London Schools Research: Cultural Engagement

First published on Wed, October 24, 2012.

This report from A New Direction investigates cultural education in London schools, with a particular focus on the ways in which schools engage with cultural organisations. Although the report is broadly positive, it indicates that because the numbers of disadvantaged children are higher in London than across the country as a whole, London schools face particular challenges when it comes to ensuring that all children engage with providers of creative and cultural experiences.

Key Findings:

• In London, 18% of schools have an Artsmark Award. The Artsmark is a national programme that enables schools, further education colleges and youth justice settings to celebrate and strengthen a quality arts offer. Currently, over half of those schools which responded to the survey are spending 12% or more of their curriculum time on arts and cultural learning, the benchmark which participating schools have to meet in order to be eligible to win an Artsmark Award.

• Schools are reasonably committed to cultural education at a strategic level: most schools in say their school development plans refer to cultural education. However, a substantial minority (29%) do not.

• Schools are reasonably pro-active in their cultural engagement practices. Many say they seek out cultural opportunities (53% say they do this ‘to a great extent’, with a further 34% ‘to some extent’), involve their parents and families in their school’s cultural activities (52% ‘to a great extent’), and ensure their arts teachers have opportunities to develop their creative practice with cultural providers (41%‘to a great extent’).

• Provision and uptake of cultural engagement is patchy, particularly in parts of outer London. Inner London schools indicate that they are more pro-active in seeking out opportunities, and feel the cultural sector initiates engagement with them more so than do outer London schools.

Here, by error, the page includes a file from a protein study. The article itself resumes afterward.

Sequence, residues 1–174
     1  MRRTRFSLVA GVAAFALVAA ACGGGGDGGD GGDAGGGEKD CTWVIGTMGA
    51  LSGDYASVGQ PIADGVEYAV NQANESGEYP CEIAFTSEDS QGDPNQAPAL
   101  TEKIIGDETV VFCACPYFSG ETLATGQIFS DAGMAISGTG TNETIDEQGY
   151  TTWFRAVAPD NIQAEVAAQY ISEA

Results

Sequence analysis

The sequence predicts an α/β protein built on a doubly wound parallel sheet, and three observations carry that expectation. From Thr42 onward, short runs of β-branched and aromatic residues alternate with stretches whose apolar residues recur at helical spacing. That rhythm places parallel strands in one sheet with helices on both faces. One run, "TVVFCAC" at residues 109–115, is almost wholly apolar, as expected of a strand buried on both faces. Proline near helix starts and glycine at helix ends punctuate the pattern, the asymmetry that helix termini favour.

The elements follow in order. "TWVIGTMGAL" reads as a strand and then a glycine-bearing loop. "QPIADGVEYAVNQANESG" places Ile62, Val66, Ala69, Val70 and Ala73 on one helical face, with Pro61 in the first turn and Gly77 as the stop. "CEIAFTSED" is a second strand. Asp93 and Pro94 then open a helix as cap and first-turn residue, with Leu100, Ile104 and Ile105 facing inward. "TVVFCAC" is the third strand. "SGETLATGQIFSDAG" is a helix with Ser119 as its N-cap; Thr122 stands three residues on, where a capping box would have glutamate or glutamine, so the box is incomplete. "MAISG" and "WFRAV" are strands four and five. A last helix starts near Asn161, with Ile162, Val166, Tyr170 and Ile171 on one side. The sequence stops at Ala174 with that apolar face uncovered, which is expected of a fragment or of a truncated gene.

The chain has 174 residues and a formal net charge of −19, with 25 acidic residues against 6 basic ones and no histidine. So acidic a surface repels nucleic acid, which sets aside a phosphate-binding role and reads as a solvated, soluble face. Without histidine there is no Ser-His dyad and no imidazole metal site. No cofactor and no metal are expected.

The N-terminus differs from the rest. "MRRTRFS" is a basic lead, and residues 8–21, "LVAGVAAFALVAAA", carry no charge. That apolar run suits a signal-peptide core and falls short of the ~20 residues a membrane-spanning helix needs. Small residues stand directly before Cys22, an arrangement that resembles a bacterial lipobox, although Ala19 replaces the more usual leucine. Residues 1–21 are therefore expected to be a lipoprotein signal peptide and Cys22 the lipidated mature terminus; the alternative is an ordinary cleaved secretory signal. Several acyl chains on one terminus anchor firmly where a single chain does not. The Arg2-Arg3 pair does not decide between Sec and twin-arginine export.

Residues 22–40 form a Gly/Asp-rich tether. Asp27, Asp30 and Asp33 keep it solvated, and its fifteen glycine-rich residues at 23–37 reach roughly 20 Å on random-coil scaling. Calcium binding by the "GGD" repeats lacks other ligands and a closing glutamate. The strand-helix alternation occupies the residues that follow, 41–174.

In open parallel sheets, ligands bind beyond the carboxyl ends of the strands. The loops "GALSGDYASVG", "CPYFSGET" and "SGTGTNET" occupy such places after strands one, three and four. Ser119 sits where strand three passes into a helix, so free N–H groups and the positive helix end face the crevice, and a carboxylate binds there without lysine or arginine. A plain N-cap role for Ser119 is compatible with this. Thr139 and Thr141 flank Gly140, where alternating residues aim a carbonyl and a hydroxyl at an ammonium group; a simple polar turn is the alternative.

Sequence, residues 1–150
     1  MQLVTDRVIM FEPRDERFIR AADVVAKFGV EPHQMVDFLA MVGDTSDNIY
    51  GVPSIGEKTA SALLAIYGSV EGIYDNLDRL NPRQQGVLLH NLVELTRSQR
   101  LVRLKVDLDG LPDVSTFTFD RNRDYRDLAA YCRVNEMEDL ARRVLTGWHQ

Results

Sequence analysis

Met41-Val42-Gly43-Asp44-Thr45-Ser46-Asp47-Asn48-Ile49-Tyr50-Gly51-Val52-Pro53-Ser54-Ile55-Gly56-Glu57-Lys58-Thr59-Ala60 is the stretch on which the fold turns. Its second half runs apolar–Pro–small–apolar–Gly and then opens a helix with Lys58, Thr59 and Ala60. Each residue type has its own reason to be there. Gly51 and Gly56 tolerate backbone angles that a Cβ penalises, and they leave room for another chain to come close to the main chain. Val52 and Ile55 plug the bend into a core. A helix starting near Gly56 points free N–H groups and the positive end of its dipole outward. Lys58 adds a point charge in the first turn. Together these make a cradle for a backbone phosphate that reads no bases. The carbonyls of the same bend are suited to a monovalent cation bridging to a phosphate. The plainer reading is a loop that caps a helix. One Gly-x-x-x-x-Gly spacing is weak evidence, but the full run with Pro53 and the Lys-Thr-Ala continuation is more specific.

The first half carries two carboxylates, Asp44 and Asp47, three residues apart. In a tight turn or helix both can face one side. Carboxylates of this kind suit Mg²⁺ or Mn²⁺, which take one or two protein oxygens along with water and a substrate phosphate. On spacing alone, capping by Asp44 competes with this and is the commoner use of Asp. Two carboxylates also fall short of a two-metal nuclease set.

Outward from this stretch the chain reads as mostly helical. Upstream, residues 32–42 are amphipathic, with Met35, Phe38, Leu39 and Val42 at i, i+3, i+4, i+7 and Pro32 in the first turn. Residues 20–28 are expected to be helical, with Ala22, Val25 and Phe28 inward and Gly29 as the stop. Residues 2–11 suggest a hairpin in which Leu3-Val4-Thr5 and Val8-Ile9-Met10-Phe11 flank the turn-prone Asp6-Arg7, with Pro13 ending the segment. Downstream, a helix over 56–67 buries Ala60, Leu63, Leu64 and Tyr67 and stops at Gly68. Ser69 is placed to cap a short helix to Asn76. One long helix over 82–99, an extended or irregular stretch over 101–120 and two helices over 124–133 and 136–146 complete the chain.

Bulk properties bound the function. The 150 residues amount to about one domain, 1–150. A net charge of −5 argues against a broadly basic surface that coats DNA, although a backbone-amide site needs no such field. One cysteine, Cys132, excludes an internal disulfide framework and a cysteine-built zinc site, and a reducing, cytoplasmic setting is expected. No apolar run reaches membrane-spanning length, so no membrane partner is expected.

• Schools are particularly engaged with music, theatre, and museums and galleries. However, 45% report no relationship at all with creative industries such as graphics, digital arts, media or broadcasting; nor does their cultural engagement activity focus on film or the built environment.

The report recommends that cultural institutions: tailor their offer and approach to schools, strengthen the ways in which this offer is communicated, help schools identify ways to engage parents, and help schools to identify and access funding. Meanwhile, schools should: take a proactive approach to finding out about new cultural opportunities, share resources and contacts with other schools, and keep cultural engagement on the agenda by incorporating it into school development plans.

The full report can be read here.

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